The Colonie is removed up the river fourscore miles further beyond James towne to a place of higher ground, strong and defencible by nature, a good aire, wholesome and cleere (unlike the marish seate at James towne) with fresh and plentie of water springs, much faire and open grounds freed from woods, and wood enough at hand.

Dale took a ship to the Henricus site, but most of the three hundred men in his command walked. The Indians harassed them along the way and after their arrival. But Dale was the real bane of their existence. He drove his men mercilessly. Accused of horrendous cruelties and heartily despised, he built the town in record time. In ten days the settlers completed a vertical log palisade securing seven acres of land, then built corner watchtowers, a church, and storehouses. Only then, according to a history written by long-gone Captain John Smith, did Dale "thinke upon convenient houses for himself and men."

Descriptions of Henricus conflict. De Molina had ringing contempt for English construction, saying that a mere five hundred Spaniards could easily destroy the colony because "the forts which they have are of boards and so weak that a kick would break them down." He was prisoner in one near Old Point Comfort near the mouth of the bay, built by 1609. Captain Ralph Hamor, in a 1614 account repeated almost verbatim by later authors, wrote:

There is in this towne, 3 streets of well framed howses, a handsom Church, and the foundation of a more stately one laid, of Brick, in length, an hundred foote, and fifty foot wide, beside Store houses, watch houses, and such like: there are also, as ornaments belonging to this Town, upon the verge of this River, five faire Block houses.

The minister at Henricus, Alexander Whitaker, wrote in a 1612 pamphlet promoting donations for the salvation of Indian souls that the weather at Henricus was idyllic and assured readers in England that there were not more than three sick people in the settlement: "Many have died with us heretofore thorough their owne filthinesse and want of bodilie comforts for sicke men; but now very few are sicke among us."

A Virginia Company pamphlet describes cheerful workers building fine brick homes.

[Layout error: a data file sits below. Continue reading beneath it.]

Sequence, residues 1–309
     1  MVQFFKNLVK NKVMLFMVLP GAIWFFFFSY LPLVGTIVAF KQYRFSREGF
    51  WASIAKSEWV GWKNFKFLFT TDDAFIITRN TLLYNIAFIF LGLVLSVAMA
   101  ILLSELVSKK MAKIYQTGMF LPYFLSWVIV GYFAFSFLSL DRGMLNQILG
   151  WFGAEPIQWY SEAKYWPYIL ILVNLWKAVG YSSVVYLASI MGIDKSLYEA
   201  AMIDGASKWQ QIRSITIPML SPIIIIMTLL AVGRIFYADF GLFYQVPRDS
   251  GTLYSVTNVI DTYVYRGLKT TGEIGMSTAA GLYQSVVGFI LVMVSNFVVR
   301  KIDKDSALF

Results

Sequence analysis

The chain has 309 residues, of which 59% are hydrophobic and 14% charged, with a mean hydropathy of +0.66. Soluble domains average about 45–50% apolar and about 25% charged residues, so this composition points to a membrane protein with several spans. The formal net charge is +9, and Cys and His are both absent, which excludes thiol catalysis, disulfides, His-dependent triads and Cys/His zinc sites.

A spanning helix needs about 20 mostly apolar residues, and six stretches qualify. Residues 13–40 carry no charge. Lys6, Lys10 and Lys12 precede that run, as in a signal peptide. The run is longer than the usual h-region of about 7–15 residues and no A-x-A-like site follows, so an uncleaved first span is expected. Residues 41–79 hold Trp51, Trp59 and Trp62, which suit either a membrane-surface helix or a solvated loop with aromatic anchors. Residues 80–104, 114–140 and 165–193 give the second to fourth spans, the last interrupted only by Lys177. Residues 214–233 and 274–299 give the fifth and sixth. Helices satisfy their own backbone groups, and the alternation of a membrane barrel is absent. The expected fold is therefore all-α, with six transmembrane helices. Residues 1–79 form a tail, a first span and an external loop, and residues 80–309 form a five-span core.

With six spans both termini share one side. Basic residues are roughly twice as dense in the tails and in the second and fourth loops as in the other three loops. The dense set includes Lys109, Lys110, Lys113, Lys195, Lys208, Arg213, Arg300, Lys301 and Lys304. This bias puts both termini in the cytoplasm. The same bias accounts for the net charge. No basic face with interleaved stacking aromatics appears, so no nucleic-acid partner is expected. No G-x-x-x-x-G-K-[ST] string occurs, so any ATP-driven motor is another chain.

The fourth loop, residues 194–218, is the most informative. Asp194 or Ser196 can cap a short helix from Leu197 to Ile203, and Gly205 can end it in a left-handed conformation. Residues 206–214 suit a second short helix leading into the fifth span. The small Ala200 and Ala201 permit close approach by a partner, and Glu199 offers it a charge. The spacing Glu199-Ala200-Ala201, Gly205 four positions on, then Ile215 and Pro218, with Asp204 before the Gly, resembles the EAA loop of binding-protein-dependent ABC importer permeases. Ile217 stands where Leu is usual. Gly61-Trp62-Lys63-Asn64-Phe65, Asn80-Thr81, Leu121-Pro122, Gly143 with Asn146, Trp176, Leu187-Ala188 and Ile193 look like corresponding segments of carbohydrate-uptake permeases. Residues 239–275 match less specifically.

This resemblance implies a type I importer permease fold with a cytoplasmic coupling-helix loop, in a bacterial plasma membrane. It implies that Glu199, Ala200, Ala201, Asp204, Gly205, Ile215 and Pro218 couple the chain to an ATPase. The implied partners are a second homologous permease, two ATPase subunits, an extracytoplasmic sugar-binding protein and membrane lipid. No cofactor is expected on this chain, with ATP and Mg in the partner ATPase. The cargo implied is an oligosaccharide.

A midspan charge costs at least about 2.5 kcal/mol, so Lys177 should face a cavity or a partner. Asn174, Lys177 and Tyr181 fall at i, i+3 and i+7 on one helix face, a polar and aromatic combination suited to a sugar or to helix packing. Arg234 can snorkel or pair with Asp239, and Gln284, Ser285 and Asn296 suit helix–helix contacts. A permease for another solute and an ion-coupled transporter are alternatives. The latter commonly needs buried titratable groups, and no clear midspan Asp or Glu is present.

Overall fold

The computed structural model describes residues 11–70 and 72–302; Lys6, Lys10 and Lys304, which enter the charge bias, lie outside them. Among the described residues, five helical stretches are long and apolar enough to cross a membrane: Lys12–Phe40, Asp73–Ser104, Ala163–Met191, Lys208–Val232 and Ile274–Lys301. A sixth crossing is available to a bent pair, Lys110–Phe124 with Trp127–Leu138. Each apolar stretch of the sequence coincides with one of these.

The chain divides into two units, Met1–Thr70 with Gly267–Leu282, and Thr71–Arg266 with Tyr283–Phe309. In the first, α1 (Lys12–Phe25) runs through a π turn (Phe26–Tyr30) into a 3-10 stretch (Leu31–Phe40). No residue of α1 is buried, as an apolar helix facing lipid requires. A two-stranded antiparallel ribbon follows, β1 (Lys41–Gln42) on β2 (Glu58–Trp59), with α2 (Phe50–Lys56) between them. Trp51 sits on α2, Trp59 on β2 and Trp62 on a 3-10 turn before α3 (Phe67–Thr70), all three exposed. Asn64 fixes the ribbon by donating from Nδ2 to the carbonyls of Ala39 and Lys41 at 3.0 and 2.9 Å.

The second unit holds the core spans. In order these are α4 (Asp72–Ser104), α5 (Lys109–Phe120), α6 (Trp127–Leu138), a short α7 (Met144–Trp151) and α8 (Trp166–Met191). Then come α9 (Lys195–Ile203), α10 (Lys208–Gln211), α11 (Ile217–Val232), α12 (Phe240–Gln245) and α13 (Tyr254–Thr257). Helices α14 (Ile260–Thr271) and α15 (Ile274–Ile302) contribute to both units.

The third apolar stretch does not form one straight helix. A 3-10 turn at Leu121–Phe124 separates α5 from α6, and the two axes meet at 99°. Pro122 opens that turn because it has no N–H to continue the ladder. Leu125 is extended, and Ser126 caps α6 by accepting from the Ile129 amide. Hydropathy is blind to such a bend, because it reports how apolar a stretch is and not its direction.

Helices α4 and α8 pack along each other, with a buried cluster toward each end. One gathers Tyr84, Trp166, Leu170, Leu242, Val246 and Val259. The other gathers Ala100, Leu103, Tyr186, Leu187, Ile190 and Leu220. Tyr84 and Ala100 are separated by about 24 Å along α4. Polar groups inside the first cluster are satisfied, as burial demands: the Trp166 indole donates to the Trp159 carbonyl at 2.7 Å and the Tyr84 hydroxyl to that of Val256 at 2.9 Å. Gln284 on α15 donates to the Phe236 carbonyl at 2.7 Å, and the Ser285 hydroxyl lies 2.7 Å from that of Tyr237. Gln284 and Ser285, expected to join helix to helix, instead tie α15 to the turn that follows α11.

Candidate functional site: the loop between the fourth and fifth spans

Being thus invited here, they pitch, the spade men fell to digging, the brick men burnt their bricks, the company cut down wood, the Carpenters fell to squaring out, the Sawyers to sawing, the Souldier to fortifying, and every man to somewhat. And to answer the first objection for holesome lodging, here they have built competent and decent houses, the first storie all of bricks, that every man may have his lodging and dwelling place apart by himselfe.
Most historians believe the upbeat tracts were propaganda intended to persuade Englishmen to send more of their money and their sons to the colony. Archaeologist Nick Luccketti, who has excavated the area around Henricus, says, "The buildings they describe are far grander than the sort built in Virginia in the 1610s and 1620s."

Across the river, Dale began additional fortifications, creating a suburb of sorts. Here the colonists were reported to have erected palisades and five tiny fortified dwellings across a narrow peninsula. Inside the pale they constructed "a retreat, or guest house for sick people," called Mount Malady, the first English hospital in America. Areas inside the palisade were given optimistic names—Coxendale, and Hope in Faith, for example—and nearby Whitaker built "a faire framed parsonage house" called Rock Hall. It was to Rock Hall that young Pocahontas came after she was kidnapped by the English, and where she lived while Whitaker instructed her in the Christian faith and baptized her.

Christianizing Virginia's Indians was a priority with the Virginia Company and King James. They planned to build a college at Henricus to teach Indian children trades useful to the English, and to train them as missionaries to their own people. One hundred English tenants were sent to work ten thousand acres of college land to provide income for the school's support, and more than A32,000 sterling was raised in churches throughout England to get the institution off the ground.

But it was not to be. The Indians proved "very loathe upon any tearmes to part with theire children," Governor George Yeardley said, and the Powhatan uprising of 1622, in which about 350 English died, sent colonists looking for revenge instead of converts. When the College of William and Mary was established seven decades later, it did include an Indian school, the Brafferton, but it was built in Williamsburg, not Henricus.